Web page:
*If you’re designing your site from scratch, we’ll subtract $150 off the total cost of the design.

Consults on our monthly deals are always free. Schedule one today by emailing us at heyal@amylouthatswho.com and let’s see how HeyAmyLou can support your small business.

© copyright HeyAmyLou 2017 – All rights reserved

My Word(s) For 2017

I like words. Mostly, I like them in the form of books, articles, and lyrics. Then, I read an article (see!) about choosing a word. One word. To guide the whole year, I was intrigued. And appalled. ONE word? I like words, plural. Lots and lots of words. Just one?

Turns out, lots of people do this choosing of one word thing. Chris Brogan writes a lengthy blog post about his (he chooses three. Still, though.) Elise Blaha sent out an email mentioning hers, the Huffington Post even wrote and article on it.  And once I got going, I found all kinds of websites (here, and here  for starters) devoted to the process of picking one word. Oh, and the Oxford Living Dictionaries even got in on it, although their process is arguably a bit different.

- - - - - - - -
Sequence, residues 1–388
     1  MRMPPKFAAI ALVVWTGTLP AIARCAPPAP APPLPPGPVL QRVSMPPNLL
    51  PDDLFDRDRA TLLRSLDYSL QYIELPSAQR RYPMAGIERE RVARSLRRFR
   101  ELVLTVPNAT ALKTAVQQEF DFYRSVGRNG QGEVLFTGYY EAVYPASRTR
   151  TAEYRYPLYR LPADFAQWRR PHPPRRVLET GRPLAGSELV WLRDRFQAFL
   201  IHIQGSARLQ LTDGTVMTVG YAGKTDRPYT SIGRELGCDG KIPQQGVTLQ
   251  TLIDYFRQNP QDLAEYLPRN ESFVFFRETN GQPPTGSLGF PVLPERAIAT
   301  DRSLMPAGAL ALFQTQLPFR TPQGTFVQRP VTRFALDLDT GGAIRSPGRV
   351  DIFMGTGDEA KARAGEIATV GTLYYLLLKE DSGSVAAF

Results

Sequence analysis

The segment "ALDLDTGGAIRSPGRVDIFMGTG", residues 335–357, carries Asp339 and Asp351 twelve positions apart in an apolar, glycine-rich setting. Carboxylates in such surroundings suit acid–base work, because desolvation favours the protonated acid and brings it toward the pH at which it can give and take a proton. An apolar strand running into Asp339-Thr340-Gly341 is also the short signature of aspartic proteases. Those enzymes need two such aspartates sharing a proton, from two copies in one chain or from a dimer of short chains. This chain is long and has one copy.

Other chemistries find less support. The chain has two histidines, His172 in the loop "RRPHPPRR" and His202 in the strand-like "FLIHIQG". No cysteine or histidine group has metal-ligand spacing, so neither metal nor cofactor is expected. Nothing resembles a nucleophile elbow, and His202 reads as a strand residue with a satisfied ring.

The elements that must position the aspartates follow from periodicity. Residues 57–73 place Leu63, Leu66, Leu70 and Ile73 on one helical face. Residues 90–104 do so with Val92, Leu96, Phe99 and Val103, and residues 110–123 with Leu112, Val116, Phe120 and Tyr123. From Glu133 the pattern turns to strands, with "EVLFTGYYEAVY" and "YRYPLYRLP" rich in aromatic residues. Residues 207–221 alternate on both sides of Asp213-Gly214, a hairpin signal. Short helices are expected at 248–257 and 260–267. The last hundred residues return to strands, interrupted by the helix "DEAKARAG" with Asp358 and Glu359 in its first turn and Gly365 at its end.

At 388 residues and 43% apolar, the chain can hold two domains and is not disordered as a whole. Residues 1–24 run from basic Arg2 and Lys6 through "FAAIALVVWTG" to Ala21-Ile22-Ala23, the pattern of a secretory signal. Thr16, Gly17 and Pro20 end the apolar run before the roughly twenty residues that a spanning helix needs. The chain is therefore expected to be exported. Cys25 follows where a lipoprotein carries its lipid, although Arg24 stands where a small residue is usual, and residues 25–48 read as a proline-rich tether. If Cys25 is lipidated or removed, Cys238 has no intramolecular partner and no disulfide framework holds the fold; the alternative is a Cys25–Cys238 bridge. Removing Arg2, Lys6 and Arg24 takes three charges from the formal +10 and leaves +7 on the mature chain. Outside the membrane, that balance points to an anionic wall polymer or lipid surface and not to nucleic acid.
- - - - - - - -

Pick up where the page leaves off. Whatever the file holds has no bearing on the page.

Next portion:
It sounds cheezy, I know. And admittedly, I didn’t do any of the prep or soul-searching recommended. I sat down one morning in late 2015, took a look around and decided that in 2016 I wanted EASE. That’s it. EASE.

So, starting January 1, 2016, I wrote the word at the top of each weekly page in my calendar, and any time I found myself barreling toward a situation that was lining up to be anything other than easy, I repeated the word over and over to myself. And I took time each week to write down a couple of ways in which my week had included EASE. 90 days in, I started noticing a shift. EASE was more prevalent in my daily life. And, in those instances where EASE was elusive, the realization that it wasn’t necessarily me who was making the interaction hard was quite useful.  As was the reminder that in situations lacking EASE I didn’t automatically have to contribute to making things more difficult.

So, I’m doing it again this year. And again, it was pretty spontaneous. I auditioned quite a few words throughout the year and when it came time to choose, I chose none of them. Instead, I went with a word that I think will serve me just as well as EASE did last year.

2017’s word is REJECT.

As in:

  • I reject false conclusions
  • I reject being drawn into other’s drama
  • I reject complacency

You get the idea.

I think, though, that REJECT needs balance. So I’m also choosing WHOLE.

WHOLE reminds me that in REJECTing there is room for replacing, rebuilding, and reconnecting.

© copyright HeyAmyLou 2017 – All rights reserved

cross-posted to IrishYogaChick